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Turnip – Vegetable garden

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Turnip

Turnip is a sort of root vegetables that has a place with the mustard family. It was made through the procedure of particular reproducing of wild turnip. There are 30 tamed assortments of turnip that can be found far and wide today. It develops in regions with icy atmosphere, on rich, all around depleted soil, presented to direct daylight. Individuals develop turnips as a wellspring of nourishment. It produces roundish root with thin taproot on its end. Root is secured with white or green skin which as a rule changes the shading into purple on the parts of root presented to the sun. Turnip has yellow or white-hued flesh.Turnip creates yellow blooms organized as raceme inflorescence on top of the blossoming stalk. They pull in honey bees, primary pollinators of this plant. Blooms contain both sorts of conceptive organs and they can perform self-fertilization for the situation that characteristic pollinators are not accessible. Fruit of turnips is seedpod loaded with various smaller than normal seed.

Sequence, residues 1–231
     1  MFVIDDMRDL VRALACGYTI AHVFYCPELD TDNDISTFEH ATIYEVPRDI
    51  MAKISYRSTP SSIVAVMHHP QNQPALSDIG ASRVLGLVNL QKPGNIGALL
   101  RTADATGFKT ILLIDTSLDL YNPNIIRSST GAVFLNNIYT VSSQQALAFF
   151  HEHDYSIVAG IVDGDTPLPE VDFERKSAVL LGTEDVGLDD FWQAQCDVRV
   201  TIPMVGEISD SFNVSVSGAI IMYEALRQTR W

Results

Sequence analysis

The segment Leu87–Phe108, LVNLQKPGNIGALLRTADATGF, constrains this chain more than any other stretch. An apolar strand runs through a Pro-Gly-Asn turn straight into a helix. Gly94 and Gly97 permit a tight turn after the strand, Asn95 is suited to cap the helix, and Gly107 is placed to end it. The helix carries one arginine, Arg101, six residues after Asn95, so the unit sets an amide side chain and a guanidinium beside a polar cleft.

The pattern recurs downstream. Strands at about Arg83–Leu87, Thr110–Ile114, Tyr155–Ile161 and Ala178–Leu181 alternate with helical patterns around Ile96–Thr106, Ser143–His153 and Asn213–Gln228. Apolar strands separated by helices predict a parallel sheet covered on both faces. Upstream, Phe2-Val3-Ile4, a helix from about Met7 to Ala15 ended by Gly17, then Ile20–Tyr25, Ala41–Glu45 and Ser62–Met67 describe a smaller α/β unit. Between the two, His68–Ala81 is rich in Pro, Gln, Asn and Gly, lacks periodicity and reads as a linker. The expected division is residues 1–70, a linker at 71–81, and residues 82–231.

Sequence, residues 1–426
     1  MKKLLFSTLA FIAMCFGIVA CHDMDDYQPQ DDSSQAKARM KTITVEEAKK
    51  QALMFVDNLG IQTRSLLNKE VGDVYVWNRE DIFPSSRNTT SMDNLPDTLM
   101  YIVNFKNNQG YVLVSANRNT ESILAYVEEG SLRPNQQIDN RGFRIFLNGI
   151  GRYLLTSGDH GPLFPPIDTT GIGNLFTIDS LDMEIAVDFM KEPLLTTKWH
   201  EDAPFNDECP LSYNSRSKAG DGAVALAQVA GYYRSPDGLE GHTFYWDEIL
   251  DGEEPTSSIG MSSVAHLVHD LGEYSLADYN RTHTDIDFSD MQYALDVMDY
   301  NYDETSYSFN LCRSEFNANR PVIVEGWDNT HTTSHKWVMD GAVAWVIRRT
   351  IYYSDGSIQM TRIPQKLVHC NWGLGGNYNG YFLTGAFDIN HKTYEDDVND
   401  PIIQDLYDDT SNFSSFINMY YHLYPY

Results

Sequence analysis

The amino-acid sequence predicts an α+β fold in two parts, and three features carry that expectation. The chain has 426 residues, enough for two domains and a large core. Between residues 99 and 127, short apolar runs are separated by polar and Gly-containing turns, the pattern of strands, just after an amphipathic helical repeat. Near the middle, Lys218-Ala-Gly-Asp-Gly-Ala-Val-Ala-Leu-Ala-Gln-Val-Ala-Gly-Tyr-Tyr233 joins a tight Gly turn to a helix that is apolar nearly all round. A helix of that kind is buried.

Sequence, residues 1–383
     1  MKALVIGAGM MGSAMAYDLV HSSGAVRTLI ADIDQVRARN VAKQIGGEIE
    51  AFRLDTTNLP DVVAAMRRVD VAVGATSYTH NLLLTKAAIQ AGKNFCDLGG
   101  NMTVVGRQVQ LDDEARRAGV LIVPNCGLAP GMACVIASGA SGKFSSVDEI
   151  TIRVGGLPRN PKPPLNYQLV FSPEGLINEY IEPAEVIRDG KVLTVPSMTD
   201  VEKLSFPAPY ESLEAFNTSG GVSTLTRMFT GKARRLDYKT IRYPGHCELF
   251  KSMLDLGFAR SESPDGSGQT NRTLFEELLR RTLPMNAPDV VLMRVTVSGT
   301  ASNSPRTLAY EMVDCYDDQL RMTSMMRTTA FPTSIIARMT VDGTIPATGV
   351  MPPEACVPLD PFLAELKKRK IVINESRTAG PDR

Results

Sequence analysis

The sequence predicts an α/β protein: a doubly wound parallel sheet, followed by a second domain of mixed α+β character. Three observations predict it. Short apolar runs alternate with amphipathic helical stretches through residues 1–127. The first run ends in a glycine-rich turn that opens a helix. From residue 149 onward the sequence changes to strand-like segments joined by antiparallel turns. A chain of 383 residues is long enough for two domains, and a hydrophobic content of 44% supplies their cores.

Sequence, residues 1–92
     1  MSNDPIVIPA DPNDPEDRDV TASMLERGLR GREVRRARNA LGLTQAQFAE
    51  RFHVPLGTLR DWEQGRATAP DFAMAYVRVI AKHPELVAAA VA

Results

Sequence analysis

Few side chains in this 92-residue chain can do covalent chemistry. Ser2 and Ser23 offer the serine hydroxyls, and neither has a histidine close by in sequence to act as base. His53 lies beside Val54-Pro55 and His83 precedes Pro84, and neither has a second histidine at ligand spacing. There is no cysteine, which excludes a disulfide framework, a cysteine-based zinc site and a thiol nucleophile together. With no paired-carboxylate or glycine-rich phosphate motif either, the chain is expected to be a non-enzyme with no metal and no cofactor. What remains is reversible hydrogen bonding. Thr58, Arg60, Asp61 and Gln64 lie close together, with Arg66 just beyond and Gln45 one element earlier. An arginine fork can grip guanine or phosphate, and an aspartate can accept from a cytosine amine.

Scientific name: Brassica rapa subsp. rapa
Common name: Turnip

Turnip

How to grow and maintain Turnip:

Climate:

Turnips perform best in cool gardening climates, but will grow nearly anywhere (depending upon the variety).They’re frost resistant. In fact, the roots taste sweeter once there’s been a light frost.

Planting:

Plant turnips seeds ½ inch deep, 4 to 6 inches apart. If sowing only for the greens, sprinkle as many as 20 seeds per foot into the soil. Seeds germinate in 2 to 5 days.

Watering:

Water the soil after planting and keep moist, but not waterlogged. Turnip plants that don’t get enough water will become tough and woody.

Fertilizing:

Feed plants with natural fertilizer containing potassium and phosphorous, such as compost tea, for good root development. Avoid high-nitrogen fertilizers like manure, which can give turnips an unpleasant flavor.

Harvest:

Harvest turnip greens when they’re young, before the root is mature, by snipping a few from each plant. Don’t remove all the greens from any single plant. 45 days after planting, pull up one of your turnips to check for maturity — 2 to 3 inches in diameter is ideal. Some varieties can take up to 70 days to mature; check your seed packet. Turnips grown in spring tend to be smaller and softer, while fall turnips are hardier and more suitable for long-term storage.

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